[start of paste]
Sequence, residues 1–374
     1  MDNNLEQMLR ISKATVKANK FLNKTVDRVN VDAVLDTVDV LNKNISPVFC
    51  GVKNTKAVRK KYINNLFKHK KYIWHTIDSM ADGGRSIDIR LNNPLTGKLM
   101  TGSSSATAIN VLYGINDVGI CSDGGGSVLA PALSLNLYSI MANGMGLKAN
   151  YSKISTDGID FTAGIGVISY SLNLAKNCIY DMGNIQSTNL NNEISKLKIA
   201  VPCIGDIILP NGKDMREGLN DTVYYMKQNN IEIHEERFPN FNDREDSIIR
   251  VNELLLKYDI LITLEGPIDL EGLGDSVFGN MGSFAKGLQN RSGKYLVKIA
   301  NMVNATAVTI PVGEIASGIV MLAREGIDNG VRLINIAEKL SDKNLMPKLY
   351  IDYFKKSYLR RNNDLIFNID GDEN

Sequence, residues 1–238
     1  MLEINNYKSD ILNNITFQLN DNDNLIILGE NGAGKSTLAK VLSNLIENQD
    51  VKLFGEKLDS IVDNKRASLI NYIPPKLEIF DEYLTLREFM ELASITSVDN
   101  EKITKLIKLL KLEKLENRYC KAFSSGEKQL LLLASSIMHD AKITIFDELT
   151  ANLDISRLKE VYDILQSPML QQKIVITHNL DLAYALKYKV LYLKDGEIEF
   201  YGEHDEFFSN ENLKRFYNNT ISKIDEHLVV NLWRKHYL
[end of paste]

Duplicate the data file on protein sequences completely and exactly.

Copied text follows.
Sequence, residues 1–374
     1  MDNNLEQMLR ISKATVKANK FLNKTVDRVN VDAVLDTVDV LNKNISPVFC
    51  GVKNTKAVRK KYINNLFKHK KYIWHTIDSM ADGGRSIDIR LNNPLTGKLM
   101  TGSSSATAIN VLYGINDVGI CSDGGGSVLA PALSLNLYSI MANGMGLKAN
   151  YSKISTDGID FTAGIGVISY SLNLAKNCIY DMGNIQSTNL NNEISKLKIA
   201  VPCIGDIILP NGKDMREGLN DTVYYMKQNN IEIHEERFPN FNDREDSIIR
   251  VNELLLKYDI LITLEGPIDL EGLGDSVFGN MGSFAKGLQN RSGKYLVKIA
   301  NMVNATAVTI PVGEIASGIV MLAREGIDNG VRLINIAEKL SDKNLMPKLY
   351  IDYFKKSYLR RNNDLIFNID GDEN

Sequence, residues 1–238
     1  MLEINNYKSD ILNNITFQLN DNDNLIILGE NGAGKSTLAK VLSNLIENQD
    51  VKLFGEKLDS IVDNKRASLI NYIPPKLEIF DEYLTLREFM ELASITSVDN
   101  EKITKLIKLL KLEKLENRYC KAFSSGEKQL LLLASSIMHD AKITIFDELT
   151  ANLDISRLKE VYDILQSPML QQKIVITHNL DLAYALKYKV LYLKDGEIEF
   201  YGEHDEFFSN ENLKRFYNNT ISKIDEHLVV NLWRKHYL